From the AP via Macon.com
FBI officials followed a terrorism suspect to a public library and when he was done using a computer there violated his privacy by making, without a warrant, records of the Web pages and e-mail addresses that he had accessed, the man’s attorney alleged Thursday.
Syed Ahmed’s attorney, Jack Martin, said in filing in federal court in Atlanta that the March 21, 2006, actions by the FBI at Chestatee Regional Library in Dawsonville amounted to an unconstitutional search.
Martin said one of the FBI officials sat down at the computer Ahmed used and, utilizing the history function of the computer, viewed and made a record of the Web pages and e-mail addresses that had been accessed by Ahmed.
“The actions of the government agent, contrary to the policies and procedures of the library, including policies to ensure the privacy of its authorized library users, violated the defendant’s reasonable expectations of privacy,” Martin wrote in his motion.
Martin wants the evidence, which he did not detail in his motion, suppressed. There was no immediate ruling by a judge.
A spokesman for the FBI, Stephen Emmett, declined to comment on Martin’s allegations. But U.S. Attorney David Nahmias said in a statement provided to The Associated Press that “public libraries are not safe havens for terrorist-related activity.”
“The FBI’s actions were lawful and appropriate as we will demonstrate when we respond to the motion in court,” Nahmias said in his statement, which was read by a spokesman.
Separately, Martin filed a motion Thursday seeking to have the media barred from a hearing later this month that will address a defense request to suppress statements Ahmed made to law enforcement.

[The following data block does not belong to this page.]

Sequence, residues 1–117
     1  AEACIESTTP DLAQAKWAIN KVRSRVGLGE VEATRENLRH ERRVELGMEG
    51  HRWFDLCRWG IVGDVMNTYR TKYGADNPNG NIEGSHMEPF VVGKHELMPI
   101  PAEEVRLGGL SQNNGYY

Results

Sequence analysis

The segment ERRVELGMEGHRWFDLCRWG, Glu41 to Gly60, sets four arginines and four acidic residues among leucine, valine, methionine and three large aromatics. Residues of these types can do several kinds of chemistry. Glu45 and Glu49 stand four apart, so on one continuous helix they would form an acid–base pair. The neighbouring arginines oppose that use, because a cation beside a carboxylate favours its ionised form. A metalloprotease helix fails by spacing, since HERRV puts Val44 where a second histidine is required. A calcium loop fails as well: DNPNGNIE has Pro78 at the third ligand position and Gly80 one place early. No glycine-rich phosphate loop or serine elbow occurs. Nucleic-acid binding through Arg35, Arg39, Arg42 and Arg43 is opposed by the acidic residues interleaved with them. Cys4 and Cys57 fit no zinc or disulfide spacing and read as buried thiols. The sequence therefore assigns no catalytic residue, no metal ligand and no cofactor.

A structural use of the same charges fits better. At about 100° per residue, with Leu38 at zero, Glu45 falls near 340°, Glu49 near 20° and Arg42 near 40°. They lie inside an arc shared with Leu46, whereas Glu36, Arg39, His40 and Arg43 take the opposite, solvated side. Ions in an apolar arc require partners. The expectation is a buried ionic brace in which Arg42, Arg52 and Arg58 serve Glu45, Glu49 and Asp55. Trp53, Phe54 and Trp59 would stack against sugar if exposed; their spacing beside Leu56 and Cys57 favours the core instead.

He said the reason for the request is that the government plans to play in court at the hearing a recording of the 12 hours of conversations they had with Ahmed.
“The defendant has the right to closure of a pre-trial hearing, such as a motion to suppress hearing, whenever there is a substantial probability that holding a public hearing to which the media has access could deny the defendant a fair trial and there are no reasonable alternatives to closure,” Martin wrote.
Tom Clyde, an attorney who has represented The Associated Press and other news organizations in the case, said the media participants will object to any closure of the hearing.
“This is precisely the kind of hearing that our law requires to be public,” Clyde said.
He added, “The hearing should be very revealing about the tactics the government used and the statements this defendant gave. There is a very legitimate public interest in that.”
Ahmed and co-defendant Ehsanul Sadequee, both U.S. citizens, are accused of undergoing training to carry out a “violent jihad” against civilian and government targets, including an air base in suburban Atlanta.
Authorities say the men wanted to plan attacks for “defense of Muslims or retaliation for acts committed against Muslims.” They have pleaded not guilty to a July 19, 2006, indictment charging them with providing material support to terrorists and related conspiracy counts. No trial date has been set.
Ahmed, born in Pakistan, was a Georgia Tech student at the time of his arrest. Sadequee, born in Virginia of Bangladeshi descent, has relatives in the Atlanta area.
By HARRY R. WEBER – Associated Press Writer